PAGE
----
Why People Love Their XC90

Despite knocking around for a few years now, the Volvo Xc90 seven-seater is still a dominating force on the roads, putting other people-carriers to shame.

As the Volvo XC90 has been designed to be as compact as possible, there are none of the van-like tendencies that often thwart other big family cars. In practice, this means the XC90 hugs the road well, is easier to park and isn’t a chore to drive. That said, three-point turns can be a struggle due to a poor turning circle.

When climbing into the driver's seat of this model, you instantly become aware of how close you sit to the road, despite the adequate headspace. Pulling away from parked, the ride is immediately smooth and soft, pummelling any road irregularities with ease. Due to the tall roof, it does tend to roll through the corners slightly and the steering is faintly over-assisted, but overall it’s a pretty nice drive.

Volvo XC90

The D5 2.4-litre diesel is both unlike gutsy petrol engines that drink fuel like it's going out of fashion and the T5 and T6 petrol engines that can’t hack the pace. On a motorway, 34mpg+ can easily be managed, although it can feel a little strained and noisy. The 4.4-litre V8 engine in the XC90, however, allows 14mpg to be achieved.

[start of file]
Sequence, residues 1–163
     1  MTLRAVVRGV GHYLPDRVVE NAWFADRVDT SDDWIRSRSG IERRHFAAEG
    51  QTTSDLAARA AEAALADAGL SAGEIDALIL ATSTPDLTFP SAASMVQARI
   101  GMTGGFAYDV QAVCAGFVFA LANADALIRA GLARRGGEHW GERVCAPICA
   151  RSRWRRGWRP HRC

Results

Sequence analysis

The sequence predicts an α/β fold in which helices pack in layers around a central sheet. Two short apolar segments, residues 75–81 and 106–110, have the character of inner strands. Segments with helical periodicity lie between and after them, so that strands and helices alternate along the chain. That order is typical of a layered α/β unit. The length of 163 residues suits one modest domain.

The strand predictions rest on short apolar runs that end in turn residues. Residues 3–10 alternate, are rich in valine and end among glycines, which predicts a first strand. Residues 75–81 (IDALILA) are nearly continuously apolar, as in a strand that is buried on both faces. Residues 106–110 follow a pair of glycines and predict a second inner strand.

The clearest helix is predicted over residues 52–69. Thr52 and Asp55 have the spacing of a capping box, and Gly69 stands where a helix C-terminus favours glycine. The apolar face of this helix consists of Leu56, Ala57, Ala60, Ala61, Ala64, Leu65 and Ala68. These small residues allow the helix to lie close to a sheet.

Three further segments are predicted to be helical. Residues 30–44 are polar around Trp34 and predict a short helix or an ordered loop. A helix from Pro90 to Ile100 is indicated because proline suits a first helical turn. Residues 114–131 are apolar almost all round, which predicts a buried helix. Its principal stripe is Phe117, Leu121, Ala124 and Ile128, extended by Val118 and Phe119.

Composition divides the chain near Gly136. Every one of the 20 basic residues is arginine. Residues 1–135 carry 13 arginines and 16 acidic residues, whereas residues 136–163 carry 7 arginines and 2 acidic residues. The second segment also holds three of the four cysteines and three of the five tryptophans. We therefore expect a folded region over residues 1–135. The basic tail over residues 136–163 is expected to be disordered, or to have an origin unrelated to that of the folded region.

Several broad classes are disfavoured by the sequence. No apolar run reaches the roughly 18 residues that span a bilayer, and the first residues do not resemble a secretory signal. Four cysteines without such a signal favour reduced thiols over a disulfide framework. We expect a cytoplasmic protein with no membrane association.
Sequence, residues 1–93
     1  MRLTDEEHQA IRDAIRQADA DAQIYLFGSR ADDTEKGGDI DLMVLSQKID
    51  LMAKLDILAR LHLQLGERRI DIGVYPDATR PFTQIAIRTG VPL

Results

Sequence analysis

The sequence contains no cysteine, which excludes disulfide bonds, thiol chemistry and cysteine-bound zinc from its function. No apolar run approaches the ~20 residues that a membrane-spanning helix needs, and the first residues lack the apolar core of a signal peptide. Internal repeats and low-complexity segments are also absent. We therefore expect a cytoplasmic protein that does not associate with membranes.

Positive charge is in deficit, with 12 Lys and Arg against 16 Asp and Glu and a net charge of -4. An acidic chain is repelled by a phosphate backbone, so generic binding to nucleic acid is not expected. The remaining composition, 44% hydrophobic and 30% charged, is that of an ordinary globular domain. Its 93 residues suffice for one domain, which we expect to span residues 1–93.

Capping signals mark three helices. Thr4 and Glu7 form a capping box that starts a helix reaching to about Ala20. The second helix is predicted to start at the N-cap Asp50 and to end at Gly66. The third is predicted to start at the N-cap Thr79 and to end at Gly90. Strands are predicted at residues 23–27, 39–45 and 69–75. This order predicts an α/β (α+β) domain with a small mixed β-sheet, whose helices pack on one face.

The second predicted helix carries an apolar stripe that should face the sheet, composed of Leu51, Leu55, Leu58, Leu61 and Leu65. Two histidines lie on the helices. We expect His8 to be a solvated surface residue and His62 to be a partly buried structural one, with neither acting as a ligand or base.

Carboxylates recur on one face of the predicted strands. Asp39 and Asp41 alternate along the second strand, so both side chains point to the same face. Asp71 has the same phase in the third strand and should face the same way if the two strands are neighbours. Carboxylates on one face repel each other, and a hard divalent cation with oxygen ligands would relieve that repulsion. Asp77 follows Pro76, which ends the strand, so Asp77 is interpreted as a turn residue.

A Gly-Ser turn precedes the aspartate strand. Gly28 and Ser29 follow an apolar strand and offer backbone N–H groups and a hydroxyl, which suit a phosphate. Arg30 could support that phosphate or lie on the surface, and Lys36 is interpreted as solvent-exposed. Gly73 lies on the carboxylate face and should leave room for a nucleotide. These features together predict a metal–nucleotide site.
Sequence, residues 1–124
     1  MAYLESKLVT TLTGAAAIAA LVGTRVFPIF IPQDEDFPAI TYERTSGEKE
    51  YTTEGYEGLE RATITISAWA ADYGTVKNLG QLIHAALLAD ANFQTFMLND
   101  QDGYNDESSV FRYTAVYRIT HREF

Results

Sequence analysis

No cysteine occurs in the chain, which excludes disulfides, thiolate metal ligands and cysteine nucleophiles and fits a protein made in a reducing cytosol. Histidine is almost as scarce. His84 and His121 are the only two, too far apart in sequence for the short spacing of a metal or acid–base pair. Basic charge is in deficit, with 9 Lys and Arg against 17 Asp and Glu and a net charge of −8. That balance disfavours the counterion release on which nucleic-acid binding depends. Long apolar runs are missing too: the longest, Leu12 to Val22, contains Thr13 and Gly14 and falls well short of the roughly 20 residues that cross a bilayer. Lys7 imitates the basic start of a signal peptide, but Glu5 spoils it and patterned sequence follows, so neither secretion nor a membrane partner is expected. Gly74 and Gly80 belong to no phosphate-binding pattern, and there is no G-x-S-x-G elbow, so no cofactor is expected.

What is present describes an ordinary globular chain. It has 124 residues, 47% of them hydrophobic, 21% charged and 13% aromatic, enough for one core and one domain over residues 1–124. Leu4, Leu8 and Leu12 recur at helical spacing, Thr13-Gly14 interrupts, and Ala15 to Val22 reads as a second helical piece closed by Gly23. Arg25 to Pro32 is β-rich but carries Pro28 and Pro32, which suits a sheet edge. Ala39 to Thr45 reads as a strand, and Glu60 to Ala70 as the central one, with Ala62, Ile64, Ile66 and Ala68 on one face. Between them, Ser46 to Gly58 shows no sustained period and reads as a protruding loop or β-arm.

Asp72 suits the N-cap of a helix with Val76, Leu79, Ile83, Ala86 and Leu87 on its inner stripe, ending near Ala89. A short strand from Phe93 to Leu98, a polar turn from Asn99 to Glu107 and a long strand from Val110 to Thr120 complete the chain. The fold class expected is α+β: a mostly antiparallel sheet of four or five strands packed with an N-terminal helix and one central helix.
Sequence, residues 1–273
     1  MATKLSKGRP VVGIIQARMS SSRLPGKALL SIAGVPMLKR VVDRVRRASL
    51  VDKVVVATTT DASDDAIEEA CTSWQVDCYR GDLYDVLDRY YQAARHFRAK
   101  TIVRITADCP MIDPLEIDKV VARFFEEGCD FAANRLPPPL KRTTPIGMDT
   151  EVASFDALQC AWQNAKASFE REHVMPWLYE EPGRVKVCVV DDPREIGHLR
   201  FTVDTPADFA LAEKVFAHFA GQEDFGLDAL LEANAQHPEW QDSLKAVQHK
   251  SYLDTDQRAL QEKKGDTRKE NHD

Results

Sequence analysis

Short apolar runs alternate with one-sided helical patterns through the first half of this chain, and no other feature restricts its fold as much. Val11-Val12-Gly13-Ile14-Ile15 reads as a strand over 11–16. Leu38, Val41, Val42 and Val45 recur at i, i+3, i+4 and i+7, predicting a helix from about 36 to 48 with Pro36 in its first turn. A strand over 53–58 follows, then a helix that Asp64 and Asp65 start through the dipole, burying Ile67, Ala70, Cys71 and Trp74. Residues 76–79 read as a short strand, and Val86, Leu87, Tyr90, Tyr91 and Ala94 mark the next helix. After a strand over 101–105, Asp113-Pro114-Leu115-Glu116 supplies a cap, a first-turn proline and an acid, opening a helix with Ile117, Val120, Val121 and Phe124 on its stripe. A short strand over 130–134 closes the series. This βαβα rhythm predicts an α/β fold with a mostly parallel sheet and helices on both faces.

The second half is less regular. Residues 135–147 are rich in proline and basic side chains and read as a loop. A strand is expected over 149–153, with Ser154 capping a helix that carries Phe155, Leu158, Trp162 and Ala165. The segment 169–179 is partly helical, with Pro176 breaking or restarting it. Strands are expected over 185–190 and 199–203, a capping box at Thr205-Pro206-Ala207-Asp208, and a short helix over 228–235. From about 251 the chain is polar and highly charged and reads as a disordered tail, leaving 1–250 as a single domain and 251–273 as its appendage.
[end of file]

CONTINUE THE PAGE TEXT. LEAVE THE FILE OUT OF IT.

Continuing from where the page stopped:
The look of the XC90 also appeals to the masses and is still unmatched by anything BMW or Audi can muster. While it does take a little time to get used to its flashiness, there's no doubt that you’ll soon begin to enjoy the attention it draws on the street.

Another feature of the design is a high boot floor, which can be cumbersome for loading but comes in handy when off-loading out of the chasm-like boot. The third row of seats in the back is really only suitable for small children, but when not in use, they fold away into the floor, giving the boot even more room to grow. The centre seats also fold down, turning this seven-seater MPV into an enormous estate.

As would be expected of a Volvo, the XC90 is almost as safe as houses. EuroNCAP awarded it a full five stars for in-car safety and two-stars for pedestrian collisions – an accolade that no other SUV can claim. The vehicle is fully equipped with airbags, as well as head, side, curtain and knee impact cushions. There is also a whole bunch of electronic gizmos to keep you from crashing, such as traction and stability control functions which monitor the tyres and driver input to detect and prevent any slipping. This feature automatically removes power to certain wheels and adds brakes to others if a danger is detected.

All this clever science stuff is one of the reasons why, when new, the Volvo XC90 commands such a high price tag. The list price starts at £35,540-£44,230 without anything from the options catalogue. Residual values for these vehicles are holding strong, however, so bagging one now could be a wise investment.

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